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There’s a lot to recommend spending time with horses. For the people who love them, time riding and caring for these animals is full of natural, companion interactions and a deep sense of fulfillment!
As I mentioned in a previous article our nieces Rebecca and Laura have their own horses and take part in a lot of horse events.
They both have won awards and medals in showjumping and cross country horse events!!!
One of the most important things children learn riding horses is leadership. Horses are herd animals. They have a very strict pecking order in the herd. A rider gets a horse to respond to them by being the leader. Those great horse/rider teams – the one where the horse will challenge its own fear to do as the rider wants – come about because the rider has shown leadership to the horse.
Horses also teach children discipline. Horse have to be fed, watered, groomed and exercised. Their stalls and equipment must be cleaned. These are daily chores. Horses teach children to be disciplined and work hard.
One can’t put off feeding their horse until “later” and then expect the horse to respond well. A good horseperson takes care of all a horse’s needs first and promptly, no matter what else they have going on in their life.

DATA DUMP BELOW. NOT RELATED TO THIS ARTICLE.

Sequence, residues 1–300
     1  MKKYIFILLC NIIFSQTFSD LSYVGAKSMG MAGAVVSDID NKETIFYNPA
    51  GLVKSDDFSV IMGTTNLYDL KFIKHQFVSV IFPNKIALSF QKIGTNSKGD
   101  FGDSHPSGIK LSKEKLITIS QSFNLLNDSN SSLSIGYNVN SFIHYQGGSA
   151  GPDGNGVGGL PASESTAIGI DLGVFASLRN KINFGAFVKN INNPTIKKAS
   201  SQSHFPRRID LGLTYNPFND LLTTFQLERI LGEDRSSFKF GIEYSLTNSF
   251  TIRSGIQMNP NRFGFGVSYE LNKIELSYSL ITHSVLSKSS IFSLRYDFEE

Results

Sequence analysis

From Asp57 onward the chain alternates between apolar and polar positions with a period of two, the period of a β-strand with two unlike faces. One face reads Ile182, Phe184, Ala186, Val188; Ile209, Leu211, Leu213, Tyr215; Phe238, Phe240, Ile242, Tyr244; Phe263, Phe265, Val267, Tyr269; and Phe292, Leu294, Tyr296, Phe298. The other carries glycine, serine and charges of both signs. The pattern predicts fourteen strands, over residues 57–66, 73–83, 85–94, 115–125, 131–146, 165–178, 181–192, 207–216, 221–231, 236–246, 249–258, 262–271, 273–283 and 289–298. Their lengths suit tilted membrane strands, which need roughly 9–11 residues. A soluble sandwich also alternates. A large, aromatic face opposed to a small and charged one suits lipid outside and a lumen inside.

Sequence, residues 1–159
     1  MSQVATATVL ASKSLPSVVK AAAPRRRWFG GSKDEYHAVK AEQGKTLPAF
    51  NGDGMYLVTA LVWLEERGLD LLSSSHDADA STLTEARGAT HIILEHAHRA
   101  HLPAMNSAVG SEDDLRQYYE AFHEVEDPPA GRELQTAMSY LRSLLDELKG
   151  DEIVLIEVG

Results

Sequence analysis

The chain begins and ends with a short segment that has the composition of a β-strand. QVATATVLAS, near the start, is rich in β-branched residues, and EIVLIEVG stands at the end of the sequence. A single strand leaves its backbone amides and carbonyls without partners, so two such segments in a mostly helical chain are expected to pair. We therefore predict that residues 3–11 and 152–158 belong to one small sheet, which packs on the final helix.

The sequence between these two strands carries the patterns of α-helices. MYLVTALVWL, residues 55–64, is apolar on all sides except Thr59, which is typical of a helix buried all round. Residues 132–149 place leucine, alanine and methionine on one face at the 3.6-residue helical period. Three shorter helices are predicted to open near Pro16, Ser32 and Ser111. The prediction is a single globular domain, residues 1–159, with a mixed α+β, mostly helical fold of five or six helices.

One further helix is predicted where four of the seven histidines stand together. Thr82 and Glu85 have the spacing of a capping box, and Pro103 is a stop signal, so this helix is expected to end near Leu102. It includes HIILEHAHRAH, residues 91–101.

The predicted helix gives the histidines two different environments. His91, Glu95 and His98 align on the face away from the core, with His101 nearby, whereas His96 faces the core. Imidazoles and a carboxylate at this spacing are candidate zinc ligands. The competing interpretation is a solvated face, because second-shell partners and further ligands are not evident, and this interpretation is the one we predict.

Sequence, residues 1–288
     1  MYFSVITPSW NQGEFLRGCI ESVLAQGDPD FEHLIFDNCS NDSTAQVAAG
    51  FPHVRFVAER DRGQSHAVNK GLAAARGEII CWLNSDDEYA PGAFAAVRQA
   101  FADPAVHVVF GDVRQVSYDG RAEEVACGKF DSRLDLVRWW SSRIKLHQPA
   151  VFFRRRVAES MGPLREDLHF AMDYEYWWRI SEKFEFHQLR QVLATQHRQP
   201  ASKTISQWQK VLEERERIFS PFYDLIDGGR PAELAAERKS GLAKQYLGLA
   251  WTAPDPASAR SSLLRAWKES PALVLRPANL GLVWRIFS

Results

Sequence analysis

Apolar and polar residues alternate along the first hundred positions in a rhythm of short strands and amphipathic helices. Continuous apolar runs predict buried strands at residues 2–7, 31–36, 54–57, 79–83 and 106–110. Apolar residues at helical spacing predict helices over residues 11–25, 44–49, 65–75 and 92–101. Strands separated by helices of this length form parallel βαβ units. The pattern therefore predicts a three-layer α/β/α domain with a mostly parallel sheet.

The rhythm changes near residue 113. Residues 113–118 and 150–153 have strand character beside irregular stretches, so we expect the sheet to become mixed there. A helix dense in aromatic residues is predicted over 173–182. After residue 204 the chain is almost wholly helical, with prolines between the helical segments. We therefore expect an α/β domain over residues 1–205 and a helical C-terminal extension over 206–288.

Having an animal as large as a horse do what you ask it to do is a confidence-boosting experience. So many people are afraid of horses because of their size and the threat they pose. Someone who can get a horse to do what they want it to do will glow with confidence.
Horses can teach children patience and to learn from their mistakes. Horses have minds of their own. A rider has to work with the horse to get it to perform as desired. It is a partnership, and one that doesn’t always go well.
Children learn that they don’t always win the horse show. Their horse may be lame when they want to go riding. They will be frustrated when the horse won’t do for them what it will do for their trainer. These are all learning opportunities. And they are worthwhile!
Luckily, you don’t have to be a horse owner to spend time with them and reap the accompanying benefits. Horse stables nationwide often accept grounds volunteers enthusiastically, and as well as offer riding lessons and trail rides — and not all of these opportunities are restricted to rural areas. In fact, you just might be surprised by the unexpected places where quality time with horses is an option.
It was a beautiful sunny September morning in 2020 that I decided to visit Irish National Stud and Gardens situated less than one mile outside Kildare Town. Just 30 miles from Dublin!